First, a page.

Older posts you might enjoy.

Saturday, April 9, 2016

No April Fools

A little more than a week ago was April Fool's Day.  It was early afternoon before I realized it, caught up with the usual activities at work.  My friend, Alex, who runs Tempo Vino Winery in Kalamazoo, sent out his weekly broadcast email about events.  Alex creates small batches of very distinctive wines and always seems to have something up his sleeve to tie in with the season or the holidays. So he caught me off guard for a moment when I read the message.

Alex was capitalizing on the silliness of the day.  His plan was to expand the winery to include auto repair, where you could come in for an oil change and enjoy a glass of wine while you waited. He'd even come up with a new product line, Motor Oil Merlot.  After a good laugh I noticed a couple of other attempts at an April Fool's prank.  So I decided to join in.

On my Facebook Author's page, I put a note, indicating that the move production company was anxiously awaiting my decision as to which actress was going to portray Jamie in the new film. I asked for suggestions, stating I had to finalize the choice by the end of the day.  Then I added this picture of Hilarie Burton as a possible candidate.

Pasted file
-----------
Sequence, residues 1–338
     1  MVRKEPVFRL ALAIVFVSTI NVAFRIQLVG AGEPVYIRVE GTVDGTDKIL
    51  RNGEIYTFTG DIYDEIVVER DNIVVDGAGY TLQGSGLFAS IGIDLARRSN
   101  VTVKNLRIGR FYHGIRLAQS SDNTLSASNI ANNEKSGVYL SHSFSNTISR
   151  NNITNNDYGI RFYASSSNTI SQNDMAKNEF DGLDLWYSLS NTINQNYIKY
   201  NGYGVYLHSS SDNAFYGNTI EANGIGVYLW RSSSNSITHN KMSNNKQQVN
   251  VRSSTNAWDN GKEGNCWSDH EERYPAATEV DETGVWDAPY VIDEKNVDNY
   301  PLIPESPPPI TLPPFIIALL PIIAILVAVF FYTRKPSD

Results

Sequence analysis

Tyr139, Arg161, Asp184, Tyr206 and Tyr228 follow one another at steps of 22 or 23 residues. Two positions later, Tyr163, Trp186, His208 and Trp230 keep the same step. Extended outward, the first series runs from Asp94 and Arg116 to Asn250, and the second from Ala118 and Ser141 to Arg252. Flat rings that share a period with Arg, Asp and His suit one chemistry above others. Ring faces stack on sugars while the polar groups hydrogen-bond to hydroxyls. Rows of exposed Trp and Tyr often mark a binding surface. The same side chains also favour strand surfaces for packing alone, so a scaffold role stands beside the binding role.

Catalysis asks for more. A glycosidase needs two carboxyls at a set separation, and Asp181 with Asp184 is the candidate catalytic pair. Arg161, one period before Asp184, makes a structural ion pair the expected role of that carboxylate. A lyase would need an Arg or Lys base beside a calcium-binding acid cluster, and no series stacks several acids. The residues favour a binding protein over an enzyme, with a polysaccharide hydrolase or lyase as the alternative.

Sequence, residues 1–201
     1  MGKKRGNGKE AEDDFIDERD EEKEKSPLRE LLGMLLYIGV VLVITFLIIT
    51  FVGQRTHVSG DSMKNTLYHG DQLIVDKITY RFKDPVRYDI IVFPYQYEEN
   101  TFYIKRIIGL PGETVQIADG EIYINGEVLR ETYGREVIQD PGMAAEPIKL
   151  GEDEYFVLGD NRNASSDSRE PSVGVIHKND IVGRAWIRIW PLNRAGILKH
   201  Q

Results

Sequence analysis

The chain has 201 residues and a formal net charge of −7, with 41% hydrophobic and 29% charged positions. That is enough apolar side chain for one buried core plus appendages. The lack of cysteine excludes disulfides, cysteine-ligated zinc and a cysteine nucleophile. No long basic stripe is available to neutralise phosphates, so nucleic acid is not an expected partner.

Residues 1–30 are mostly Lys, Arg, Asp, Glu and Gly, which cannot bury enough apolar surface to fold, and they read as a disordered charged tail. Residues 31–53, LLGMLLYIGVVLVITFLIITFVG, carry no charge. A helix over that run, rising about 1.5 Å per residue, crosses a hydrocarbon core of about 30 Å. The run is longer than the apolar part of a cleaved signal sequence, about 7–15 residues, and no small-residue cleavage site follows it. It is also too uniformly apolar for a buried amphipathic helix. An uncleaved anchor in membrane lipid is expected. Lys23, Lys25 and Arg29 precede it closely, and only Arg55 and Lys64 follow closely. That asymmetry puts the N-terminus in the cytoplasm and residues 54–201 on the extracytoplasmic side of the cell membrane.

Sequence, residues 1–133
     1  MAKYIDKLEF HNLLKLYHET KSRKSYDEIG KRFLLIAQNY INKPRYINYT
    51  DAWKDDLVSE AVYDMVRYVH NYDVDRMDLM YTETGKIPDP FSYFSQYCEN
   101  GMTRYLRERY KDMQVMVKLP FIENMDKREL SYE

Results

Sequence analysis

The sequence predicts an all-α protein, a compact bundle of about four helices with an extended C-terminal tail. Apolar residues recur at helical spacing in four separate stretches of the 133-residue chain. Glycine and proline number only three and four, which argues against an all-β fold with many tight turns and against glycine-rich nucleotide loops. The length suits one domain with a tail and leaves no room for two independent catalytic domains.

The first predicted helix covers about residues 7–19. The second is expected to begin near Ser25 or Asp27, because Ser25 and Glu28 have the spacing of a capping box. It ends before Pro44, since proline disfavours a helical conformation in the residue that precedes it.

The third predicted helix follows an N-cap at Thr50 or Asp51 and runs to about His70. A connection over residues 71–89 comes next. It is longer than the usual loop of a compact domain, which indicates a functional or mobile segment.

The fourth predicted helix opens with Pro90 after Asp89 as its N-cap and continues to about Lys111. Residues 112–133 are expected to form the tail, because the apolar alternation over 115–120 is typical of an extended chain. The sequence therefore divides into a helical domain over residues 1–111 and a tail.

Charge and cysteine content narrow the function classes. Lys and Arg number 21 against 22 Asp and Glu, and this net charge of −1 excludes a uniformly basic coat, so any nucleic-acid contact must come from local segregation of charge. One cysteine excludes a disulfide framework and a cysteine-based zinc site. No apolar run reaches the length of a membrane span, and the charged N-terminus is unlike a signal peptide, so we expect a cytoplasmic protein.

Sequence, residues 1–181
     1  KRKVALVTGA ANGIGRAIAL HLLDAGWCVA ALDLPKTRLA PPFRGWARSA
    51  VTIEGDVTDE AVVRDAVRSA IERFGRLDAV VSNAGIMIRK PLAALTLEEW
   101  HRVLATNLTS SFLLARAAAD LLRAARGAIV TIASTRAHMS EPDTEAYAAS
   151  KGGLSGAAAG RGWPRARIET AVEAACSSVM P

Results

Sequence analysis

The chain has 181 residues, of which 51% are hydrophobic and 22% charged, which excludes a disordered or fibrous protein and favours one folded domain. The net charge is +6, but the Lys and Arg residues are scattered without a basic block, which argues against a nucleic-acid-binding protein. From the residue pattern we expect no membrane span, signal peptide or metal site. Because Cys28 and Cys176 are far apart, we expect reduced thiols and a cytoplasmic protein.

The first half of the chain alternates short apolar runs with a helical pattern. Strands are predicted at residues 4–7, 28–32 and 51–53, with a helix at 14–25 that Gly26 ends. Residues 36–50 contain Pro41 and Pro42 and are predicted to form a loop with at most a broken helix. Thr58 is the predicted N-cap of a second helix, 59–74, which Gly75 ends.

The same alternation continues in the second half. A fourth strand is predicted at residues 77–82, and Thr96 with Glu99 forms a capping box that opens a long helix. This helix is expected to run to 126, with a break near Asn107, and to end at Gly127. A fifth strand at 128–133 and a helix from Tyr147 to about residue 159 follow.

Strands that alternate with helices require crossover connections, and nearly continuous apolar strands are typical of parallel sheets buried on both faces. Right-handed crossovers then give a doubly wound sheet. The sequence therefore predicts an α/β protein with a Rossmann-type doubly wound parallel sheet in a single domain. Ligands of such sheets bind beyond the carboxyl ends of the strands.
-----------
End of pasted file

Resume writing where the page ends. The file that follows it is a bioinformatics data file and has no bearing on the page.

I thought it would be good for a laugh, particularly since it clearly said my decision had to be made by the end of the day.  Imagine my surprise when a number of people commented that they were thrilled about the project. A few recommendations came in for other actresses.  One fellow writer sent me a message asking for the inside scoop on working with movie studios.  The next day I posted a note, indicating it was just a gag. If Hollywood ever calls, I will be cautiously skeptical.

Guess I'll leave the jokes and the wine making to Alex.  But I'm skipping the Merlot.